(MENAFN - Arab Times) The Amir recently approved by decree the much-delayed budget law for FY 2012/13, which had been held up by the absence of a sitting parliament. The budget shows a 9% increase in planned spending to KD21.2 billion, which should in principle be supportive of an economy struggling to gain momentum. However, actual spending traditionally undershoots its target and because of this year's delay, it is subject to even greater uncertainty than usual. Either way, another large budget surplus looks likely.
* All of the increase in planned expenditures comes from current spending (including wages, subsidies and transfers, amongst other things), which is budgeted to rise 12% to KD18.6 billion. Of this increase, more than half comes from spending on power generation. Traditionally, budget targets in this area reflect the government's oil price assumption, which dictate the theoretical cost of purchasing fuel. This year, however, the increase in the budget oil price from 60 per barrel (pb) to 65 pb seems too small to have generated such a large effect. The bulk of the increase could instead stem from increased power output in light of recent capacity additions.
* The rest of the increase in current spending comes largely from (civilian) wages and salaries, which are seen rising 16%. Around half of this increase comes from the Ministry of Education. The planned increase in total wages and salaries, although significant, is lower than the 24% increase the previous year. Nevertheless, it should still provide support for growth in consumer spending, which has been the backbone of the non-oil economy in recent years. In total, wages and salaries account for 24% of overall budget spending, up slightly from previous years. (Chart 2.)
* Disappointingly, capital spending is budgeted to decline by 6% this year, to KD 2.6 billion. (Chart 3.) This comes at a time when higher government investment is much needed both to support the economy and to kick-start lackluster infrastructure spending in the government's development plan, which is now in its third year. A combination of bureaucracy, technical challenges and political constraints has already slowed project execution to a crawl.
* While a concern, the budget figures on capital spending need not be quite as bad as the headline figures suggest. Firstly, given the budget's late approval, lower investment spending targets may reflect the limited time remaining this year rather than a lack of ambition. Secondly, the drop in capital spending stems entirely from a fall in investment in the power sector, which may reflect the end of a recent project cycle; excluding this, capital spending is projected to rise 10%. Finally, because of an especially weak execution rate last year, actual investment spending could still rise this year, despite the lower budget allocation. Note also that some public capital spending takes place off-budget.
* Overall, total spending looks set to provide modest support for the economy for the remainder of this year. Actual spending in FY2011/12 stood at KD 17.0 billion, 88% of its targeted budgeted level. A rise in the execution rate to a more historically typical 94% would see total spending rise by 17% y/y. However, the budget's delayed approval and the absence (so far) of some of the budgetary detail " notably on the large 'Miscellaneous and transfers' segment, which includes some important transfer payments " increase the uncertainties surrounding any projections.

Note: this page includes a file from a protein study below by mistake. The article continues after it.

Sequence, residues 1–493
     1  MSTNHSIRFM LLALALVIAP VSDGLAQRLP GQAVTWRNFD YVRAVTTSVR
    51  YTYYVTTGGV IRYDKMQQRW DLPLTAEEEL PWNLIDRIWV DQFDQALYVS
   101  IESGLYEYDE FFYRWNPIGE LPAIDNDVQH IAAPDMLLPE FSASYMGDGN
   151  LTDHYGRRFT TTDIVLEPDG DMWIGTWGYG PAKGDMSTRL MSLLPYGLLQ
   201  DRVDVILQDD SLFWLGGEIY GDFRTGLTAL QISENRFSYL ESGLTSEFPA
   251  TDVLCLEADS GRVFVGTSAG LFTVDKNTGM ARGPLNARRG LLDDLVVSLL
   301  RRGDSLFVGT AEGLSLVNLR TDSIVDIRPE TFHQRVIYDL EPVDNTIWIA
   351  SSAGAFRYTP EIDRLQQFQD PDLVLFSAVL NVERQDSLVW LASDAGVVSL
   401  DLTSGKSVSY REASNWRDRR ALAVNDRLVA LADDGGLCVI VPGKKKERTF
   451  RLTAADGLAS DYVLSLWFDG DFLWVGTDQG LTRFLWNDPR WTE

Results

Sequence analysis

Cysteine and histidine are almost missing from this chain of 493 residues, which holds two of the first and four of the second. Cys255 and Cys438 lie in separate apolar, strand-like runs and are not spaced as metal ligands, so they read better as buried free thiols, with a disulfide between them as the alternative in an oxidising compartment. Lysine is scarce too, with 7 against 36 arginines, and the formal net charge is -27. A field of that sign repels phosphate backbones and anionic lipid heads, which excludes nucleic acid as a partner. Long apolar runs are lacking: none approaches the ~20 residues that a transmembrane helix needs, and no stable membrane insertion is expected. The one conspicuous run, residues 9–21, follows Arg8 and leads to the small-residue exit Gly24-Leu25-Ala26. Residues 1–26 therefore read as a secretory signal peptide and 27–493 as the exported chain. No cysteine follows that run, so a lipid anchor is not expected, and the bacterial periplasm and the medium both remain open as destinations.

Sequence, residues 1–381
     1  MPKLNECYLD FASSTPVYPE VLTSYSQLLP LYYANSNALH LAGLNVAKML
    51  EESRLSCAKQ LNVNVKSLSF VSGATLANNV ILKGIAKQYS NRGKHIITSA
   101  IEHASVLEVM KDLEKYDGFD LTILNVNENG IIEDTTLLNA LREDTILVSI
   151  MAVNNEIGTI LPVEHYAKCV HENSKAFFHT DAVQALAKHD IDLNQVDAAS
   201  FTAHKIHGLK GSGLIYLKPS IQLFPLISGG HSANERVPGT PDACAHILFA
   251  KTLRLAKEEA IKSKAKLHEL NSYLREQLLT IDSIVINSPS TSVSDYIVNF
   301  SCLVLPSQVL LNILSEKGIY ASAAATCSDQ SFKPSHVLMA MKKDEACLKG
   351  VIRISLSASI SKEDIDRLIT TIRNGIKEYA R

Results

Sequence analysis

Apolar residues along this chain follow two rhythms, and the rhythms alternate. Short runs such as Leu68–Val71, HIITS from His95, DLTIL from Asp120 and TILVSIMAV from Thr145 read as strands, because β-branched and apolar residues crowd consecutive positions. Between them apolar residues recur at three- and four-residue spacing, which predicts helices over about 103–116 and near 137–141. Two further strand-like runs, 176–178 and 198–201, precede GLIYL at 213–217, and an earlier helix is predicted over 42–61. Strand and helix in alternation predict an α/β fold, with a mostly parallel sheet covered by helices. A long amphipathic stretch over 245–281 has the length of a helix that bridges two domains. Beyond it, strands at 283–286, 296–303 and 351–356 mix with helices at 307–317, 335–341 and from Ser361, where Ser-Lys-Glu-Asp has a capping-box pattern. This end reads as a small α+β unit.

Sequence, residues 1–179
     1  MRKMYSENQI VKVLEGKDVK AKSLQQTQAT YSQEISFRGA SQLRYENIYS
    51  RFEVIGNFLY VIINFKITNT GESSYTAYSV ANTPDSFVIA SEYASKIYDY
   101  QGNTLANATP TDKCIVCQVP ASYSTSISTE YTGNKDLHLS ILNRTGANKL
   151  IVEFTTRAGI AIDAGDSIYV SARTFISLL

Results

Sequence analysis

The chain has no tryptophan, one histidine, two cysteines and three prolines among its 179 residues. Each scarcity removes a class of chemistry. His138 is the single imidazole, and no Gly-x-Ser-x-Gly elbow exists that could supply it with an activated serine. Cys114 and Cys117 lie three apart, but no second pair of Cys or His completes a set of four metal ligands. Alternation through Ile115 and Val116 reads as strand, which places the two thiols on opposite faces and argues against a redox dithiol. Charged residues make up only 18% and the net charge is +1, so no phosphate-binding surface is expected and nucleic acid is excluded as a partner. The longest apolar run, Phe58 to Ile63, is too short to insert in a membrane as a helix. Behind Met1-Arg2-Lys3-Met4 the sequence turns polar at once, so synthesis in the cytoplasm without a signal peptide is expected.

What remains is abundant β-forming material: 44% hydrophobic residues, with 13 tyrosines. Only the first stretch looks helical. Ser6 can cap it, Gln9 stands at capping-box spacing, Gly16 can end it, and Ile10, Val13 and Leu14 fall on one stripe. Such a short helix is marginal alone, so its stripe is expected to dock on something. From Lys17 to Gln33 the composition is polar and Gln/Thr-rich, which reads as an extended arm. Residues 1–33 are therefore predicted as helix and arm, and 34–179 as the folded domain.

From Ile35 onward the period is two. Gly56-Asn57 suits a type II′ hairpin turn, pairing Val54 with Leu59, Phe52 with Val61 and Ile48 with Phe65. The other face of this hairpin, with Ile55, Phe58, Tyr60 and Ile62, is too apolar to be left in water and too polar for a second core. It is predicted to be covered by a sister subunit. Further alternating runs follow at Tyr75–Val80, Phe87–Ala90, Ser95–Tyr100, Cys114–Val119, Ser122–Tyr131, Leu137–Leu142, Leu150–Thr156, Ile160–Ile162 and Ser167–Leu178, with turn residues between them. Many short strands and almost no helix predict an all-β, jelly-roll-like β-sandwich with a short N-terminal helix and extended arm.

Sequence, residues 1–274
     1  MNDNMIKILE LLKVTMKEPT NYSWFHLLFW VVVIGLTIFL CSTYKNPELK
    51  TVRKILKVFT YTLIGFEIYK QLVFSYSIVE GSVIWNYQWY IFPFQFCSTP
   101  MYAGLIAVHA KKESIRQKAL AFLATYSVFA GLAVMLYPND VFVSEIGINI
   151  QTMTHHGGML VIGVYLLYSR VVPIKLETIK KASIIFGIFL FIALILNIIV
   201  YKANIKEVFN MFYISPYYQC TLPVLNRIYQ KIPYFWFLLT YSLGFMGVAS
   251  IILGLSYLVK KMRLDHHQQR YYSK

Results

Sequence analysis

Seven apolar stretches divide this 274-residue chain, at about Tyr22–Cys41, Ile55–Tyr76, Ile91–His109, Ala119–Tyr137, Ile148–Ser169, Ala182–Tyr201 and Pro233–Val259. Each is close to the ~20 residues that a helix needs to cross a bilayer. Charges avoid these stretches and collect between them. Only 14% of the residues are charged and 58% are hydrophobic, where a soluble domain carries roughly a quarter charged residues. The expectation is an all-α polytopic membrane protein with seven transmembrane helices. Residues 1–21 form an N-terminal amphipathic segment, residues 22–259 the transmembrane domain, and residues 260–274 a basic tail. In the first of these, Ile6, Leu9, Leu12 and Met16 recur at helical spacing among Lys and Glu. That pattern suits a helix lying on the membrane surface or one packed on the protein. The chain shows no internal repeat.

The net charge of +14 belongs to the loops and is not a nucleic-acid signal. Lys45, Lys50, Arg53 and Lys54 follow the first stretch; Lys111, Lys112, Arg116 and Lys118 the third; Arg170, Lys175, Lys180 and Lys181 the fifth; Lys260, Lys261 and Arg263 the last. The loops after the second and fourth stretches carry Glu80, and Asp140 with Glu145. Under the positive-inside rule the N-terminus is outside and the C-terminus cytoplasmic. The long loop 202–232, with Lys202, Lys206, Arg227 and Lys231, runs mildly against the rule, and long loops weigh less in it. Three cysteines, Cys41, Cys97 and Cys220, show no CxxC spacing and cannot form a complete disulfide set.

* Elsewhere, total budget revenues are projected to rise 4% to KD 13.9 billion. Oil revenues account for nearly all of this increase. Despite nudging up its oil price assumption, the government's revenue projection remains extremely conservative and " as in previous years " budget revenues are likely to end up much higher than expected. Indeed, the price of Kuwait Export Crude has averaged 106 pb in the first 7 months of this fiscal year. Although no official data has yet been published, we estimate that the government may have reached its total year revenue target in September.
* Non-oil revenues are projected to rise by 2% to KD 1.2 billion. However, they account for a very small share of total projected revenues, at 8%. Both (corporate) income tax charges and revenues from land sales are expected to rise strongly. Miscellaneous payments (which include UNCC payments as a legacy from the Iraq war) are expected to fall, but have substantially overshot budget projections anyway in recent years. Judging by previous experience, non-oil revenues will come in somewhat higher than expected.
* Based upon the government's projected spending numbers and revenue assumptions, we estimate that the oil price needed to balance the official budget is 97 pb, up from 86 last year. The number falls sharply if " as we expect " oil production turns out to be higher or government spending comes in lower than projected.
* In reality therefore, the overall fiscal position is expected to remain extremely strong. Using the conservative official oil price assumption, the government projects a deficit of KD 7.3 billion for FY12/13 " a record high. But with oil revenues likely to be stronger " and spending levels weaker " than projected, we think another large surplus is more likely, the fourteenth in a row. If oil prices stay at recent levels, a surplus of KD 10 billion looks plausible. This would equate to around 20% of GDP, compared to a surplus of 30% of GDP recorded last year.
* Finally, it is worth noting that allocations to the Reserve Fund for Future Generations (RFFG) have increased to 25% of total revenues, from 10% in previous years. This appears to be partly an accounting change " directing funds to the RFFG that would otherwise be held by the General Reserve. Total allocations to the RFFG are budgeted to rise to KD 3.5 billion. Under our higher revenue estimates, however, they could be as large as KD 7 billion.